Randi Kramer is fighting a distracted driving ticket she received for having her phone charging in her car’s cupholder while driving on Oct. 1, 2019. (Trevor Kramer)

Police cancel $368 ticket given to B.C. senior for having cellphone in cupholder

The woman was ticketed and then her son took to Twitter to ask if the fine is just

An elderly woman who got a distracted driving ticket for having her cellphone in her cupholder has reportedly received an apology from police.

READ MORE: B.C. senior’s $368 ticket for cellphone in cupholder sparks debate

Randi Kramer, in her 70s, was driving along West Georgia Street in Vancouver when she stopped at a red light on Tuesday, her son Trevor told Black Press Media, and a police officer tapped on her window. He ended up fining her $368 for distracted driving because her phone was not properly secured.

But according to defence lawyer Kyla Lee, who was retained by the Kramers, Randi won’t have to pay the ticket after all.

“I am happy to report that Vancouver police have cancelled the ticket issued to Ms. Kramer this week,” Lee tweeted, adding that she was impressed with how the woman’s son advocated for her.

The incident sparked outrage online after her son, Trevor, tweeted about the ticket and how arbitrary he thought it was.

READ MORE: Having phone within sight while driving does not violate law, B.C. judge says

Holding a phone or “operating one or more of the device’s functions” qualifies as distracted driving in B.C.

At the time, a Vancouver police spokesperson had said there was a precedent for ticketing a person for “using an electronic device even if they are not touching it,” if it’s turned on and within the reach of a driver.


@ashwadhwani
ashley.wadhwani@bpdigital.ca

Like us on Facebook and follow us on Twitter.

Get local stories you won't find anywhere else right to your inbox.
Sign up here

Just Posted

Haida Nation reminds ‘select few’ fishing lodges that Haida Gwaii is closed to non-residents

‘Upholding Haida law amid COVID-19’ release comes one day before Queen Charlotte Lodge plans to reopen

PHOTOS: ‘Phengnominal’ gnome house constructed in Port Clements

‘Ms. Gnomer’s Home 4 Wayward Folk,’ created by Kelly Whitney-Gould, a hit for kids and loggers alike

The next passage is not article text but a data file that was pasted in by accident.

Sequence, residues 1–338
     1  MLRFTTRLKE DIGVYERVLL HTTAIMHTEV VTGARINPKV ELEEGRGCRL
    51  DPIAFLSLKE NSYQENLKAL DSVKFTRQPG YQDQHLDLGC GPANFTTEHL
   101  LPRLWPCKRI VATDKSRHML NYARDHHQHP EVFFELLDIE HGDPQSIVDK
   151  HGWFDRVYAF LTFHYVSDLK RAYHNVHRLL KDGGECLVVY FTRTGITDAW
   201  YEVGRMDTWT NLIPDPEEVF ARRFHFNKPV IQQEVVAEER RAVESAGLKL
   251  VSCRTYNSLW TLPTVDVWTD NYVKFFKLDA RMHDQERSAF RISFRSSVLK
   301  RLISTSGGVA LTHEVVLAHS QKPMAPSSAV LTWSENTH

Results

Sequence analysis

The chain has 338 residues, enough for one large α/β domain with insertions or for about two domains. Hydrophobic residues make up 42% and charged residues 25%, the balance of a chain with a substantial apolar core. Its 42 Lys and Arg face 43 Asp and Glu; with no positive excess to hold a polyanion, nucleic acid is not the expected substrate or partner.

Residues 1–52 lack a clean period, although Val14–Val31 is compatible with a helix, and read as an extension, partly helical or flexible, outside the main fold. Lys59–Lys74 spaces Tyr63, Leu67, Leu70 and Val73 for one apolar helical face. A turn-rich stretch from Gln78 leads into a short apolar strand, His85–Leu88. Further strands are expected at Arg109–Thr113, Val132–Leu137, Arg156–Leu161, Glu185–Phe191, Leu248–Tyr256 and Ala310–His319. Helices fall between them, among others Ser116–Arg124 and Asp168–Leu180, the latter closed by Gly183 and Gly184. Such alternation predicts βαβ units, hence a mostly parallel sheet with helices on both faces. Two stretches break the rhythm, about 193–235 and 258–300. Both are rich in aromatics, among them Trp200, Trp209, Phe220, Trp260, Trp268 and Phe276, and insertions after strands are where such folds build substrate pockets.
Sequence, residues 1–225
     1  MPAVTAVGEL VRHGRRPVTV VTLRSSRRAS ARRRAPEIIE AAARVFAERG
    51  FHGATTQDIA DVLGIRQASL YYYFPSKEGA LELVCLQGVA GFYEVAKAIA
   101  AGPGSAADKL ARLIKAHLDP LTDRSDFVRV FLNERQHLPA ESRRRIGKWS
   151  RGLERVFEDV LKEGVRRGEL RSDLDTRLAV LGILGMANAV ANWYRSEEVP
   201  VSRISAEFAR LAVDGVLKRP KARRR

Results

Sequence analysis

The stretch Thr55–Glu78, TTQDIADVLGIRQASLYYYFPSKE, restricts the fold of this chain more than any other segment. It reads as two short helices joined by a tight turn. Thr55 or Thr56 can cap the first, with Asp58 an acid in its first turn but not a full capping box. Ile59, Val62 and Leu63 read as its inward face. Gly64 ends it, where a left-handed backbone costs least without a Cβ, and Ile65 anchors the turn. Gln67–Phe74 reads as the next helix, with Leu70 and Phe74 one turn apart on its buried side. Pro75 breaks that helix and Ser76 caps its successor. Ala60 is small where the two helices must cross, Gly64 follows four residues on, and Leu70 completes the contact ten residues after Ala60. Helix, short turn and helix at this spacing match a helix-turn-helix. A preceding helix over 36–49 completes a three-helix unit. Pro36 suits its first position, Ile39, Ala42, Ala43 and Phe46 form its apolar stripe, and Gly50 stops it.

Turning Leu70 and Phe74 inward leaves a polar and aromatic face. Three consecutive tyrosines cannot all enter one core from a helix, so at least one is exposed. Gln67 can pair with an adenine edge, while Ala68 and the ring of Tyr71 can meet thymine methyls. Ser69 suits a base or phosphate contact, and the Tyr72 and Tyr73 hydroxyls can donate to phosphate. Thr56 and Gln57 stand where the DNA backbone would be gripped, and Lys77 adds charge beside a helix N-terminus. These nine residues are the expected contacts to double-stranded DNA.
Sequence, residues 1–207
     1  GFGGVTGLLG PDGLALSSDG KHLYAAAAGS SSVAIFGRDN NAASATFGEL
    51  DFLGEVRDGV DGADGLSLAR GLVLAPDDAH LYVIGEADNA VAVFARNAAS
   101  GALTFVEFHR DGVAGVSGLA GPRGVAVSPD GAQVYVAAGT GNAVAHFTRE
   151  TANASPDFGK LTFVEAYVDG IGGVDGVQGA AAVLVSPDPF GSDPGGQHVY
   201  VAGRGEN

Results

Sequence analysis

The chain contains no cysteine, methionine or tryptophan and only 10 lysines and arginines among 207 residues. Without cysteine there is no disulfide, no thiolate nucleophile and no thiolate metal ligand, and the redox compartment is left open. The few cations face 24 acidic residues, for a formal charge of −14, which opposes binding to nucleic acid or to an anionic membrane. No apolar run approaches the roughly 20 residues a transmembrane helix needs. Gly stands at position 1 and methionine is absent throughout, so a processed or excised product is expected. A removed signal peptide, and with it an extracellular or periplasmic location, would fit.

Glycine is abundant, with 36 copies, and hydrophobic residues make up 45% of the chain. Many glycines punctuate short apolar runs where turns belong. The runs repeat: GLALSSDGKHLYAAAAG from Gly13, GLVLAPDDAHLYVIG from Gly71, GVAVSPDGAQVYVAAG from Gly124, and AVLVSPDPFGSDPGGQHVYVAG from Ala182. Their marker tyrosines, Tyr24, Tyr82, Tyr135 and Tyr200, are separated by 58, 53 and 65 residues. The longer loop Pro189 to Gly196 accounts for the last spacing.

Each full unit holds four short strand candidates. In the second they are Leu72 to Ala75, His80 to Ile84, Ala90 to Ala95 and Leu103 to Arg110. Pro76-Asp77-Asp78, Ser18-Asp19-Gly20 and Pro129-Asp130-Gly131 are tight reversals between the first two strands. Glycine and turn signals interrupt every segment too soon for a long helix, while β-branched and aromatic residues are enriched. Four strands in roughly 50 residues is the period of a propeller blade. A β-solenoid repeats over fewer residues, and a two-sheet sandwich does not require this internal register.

Councillor resigns mid-term in Queen Charlotte

Richard Decembrini’s resignation announced at regular meeting on July 6

Survey, hotline launched amid probe into racist blood-alcohol guessing game at B.C. hospital

Mary Ellen Turpel-Lafond has been appointed to lead an investigation by Health Minister Adrian Dix

Feds announce $8.3M to deal with ‘ghost’ fishing gear in B.C. waters

Three projects on the North Coast awarded funding

Canadian policing organization calls for decriminalization of simple illicit drug possession

Canadian Association of Chiefs of Police want policing focus of opioid crisis to be replaced with a health one

B.C. appeals judge’s decision to leave three clubhouses in Hells Angels hands

The province has filed two notices of appeal related to the B.C. Supreme Court decision

Conservation officers relocate Spirit bear known to roam northwestern B.C.

Bear roamed valley north of Terrace for many years

B.C. premier applauds call to decriminalize drug possession

Police shouldn’t struggle with health issues, Horgan says

Time to protect B.C.’s unique glass sponge reefs, conservation group says

Climate change is a “serious and immediate threat” to the 9,000-year old sponges: study

VIA Rail lays off 1,000 unionized workers across the country

Northern B.C. route Jasper to Prince George to Prince Rupert is not affected by VIA Rail layoffs

Indigenous leader Ed John pleads not guilty to historical sex charges

Ed John’s lawyer entered the plea by telephone on behalf of his client

Woman who talked to unconscious husband for 30 years gets solace from B.C. study

Ian Jordan suffered a head injury when he and another officer were on their way to a call in Victoria in September 1987

RCMP investigate threat against Indigenous totem poles on B.C.’s Sunshine Coast

Police describe the nature of the threat as ‘sensitive’

Most Read